Diabetes occurs for several reasons, but the ultimate cause of high blood sugar that characterises the disorder is either due to deficiency of the hormone insulin or a combination of insulin deficiency and resistance of the body tissues to its actions. In response to food intake, insulin is released by specialised cells in the pancreas and is necessary for adequate amounts of glucose and other nutrients from food to be absorbed into certain tissues of the body. When insulin is lacking or the body resists its actions, the level of glucose in the blood becomes excessively high and diabetes is thus diagnosed. There are two major forms of diabetes – Type 1 and Type 2. Whatever the form, its basis is to some extent hereditary and some extent environmental.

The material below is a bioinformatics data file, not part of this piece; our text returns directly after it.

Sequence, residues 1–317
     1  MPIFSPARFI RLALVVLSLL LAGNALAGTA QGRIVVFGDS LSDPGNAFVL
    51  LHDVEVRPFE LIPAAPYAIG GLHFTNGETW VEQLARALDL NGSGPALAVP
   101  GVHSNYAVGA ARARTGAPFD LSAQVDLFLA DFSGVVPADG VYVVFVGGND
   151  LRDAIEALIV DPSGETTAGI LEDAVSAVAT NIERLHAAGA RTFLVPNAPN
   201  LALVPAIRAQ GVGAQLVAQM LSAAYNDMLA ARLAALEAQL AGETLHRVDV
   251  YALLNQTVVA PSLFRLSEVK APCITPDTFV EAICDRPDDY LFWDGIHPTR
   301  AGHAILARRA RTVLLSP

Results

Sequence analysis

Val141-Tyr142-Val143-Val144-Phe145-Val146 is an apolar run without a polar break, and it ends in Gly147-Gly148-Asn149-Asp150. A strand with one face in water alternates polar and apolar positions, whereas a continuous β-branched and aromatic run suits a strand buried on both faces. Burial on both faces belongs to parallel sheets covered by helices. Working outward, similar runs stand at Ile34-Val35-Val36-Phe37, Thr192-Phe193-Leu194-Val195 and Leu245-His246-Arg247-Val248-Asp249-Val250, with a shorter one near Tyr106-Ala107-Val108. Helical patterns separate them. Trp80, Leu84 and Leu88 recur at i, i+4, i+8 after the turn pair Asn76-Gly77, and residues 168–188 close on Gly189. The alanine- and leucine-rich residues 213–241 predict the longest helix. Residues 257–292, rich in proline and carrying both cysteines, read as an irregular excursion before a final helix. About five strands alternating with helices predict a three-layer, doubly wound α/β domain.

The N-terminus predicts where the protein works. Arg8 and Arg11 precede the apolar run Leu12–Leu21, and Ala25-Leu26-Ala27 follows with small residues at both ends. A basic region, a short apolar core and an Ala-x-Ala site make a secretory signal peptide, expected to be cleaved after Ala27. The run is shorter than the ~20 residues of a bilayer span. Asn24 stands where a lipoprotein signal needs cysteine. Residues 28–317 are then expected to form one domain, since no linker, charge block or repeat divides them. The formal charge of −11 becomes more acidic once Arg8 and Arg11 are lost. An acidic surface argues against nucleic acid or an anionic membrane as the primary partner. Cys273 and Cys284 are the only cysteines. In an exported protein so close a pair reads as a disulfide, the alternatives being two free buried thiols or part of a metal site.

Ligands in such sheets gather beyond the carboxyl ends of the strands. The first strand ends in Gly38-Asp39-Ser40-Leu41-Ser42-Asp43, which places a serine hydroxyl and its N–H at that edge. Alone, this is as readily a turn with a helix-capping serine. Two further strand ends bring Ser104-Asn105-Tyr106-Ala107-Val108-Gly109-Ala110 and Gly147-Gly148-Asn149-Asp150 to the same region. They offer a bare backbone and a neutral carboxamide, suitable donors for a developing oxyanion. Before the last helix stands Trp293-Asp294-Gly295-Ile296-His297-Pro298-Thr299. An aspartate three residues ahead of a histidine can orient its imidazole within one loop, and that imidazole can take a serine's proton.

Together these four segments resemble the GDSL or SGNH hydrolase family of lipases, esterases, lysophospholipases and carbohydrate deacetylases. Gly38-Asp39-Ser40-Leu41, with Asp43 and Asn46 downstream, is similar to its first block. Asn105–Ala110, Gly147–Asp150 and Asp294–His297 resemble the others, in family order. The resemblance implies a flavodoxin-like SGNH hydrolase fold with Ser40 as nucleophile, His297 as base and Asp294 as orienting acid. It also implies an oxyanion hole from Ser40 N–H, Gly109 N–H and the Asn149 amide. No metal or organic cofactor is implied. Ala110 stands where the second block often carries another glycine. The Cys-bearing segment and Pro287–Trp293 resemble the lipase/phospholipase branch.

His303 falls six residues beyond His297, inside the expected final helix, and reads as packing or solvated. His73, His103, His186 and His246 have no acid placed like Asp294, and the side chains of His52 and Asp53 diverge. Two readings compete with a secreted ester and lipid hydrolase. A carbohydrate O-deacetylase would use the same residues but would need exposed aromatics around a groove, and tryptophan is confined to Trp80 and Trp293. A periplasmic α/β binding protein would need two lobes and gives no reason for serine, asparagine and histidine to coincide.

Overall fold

Type 1 Diabetes
Type 1 diabetes is mostly due to an almost complete deficiency of insulin, resulting from immune system erroneously attacking and destroying the insulin-producing cells in the pancreas. It is often hereditary and can occur at any age, but most often diagnosed in juveniles.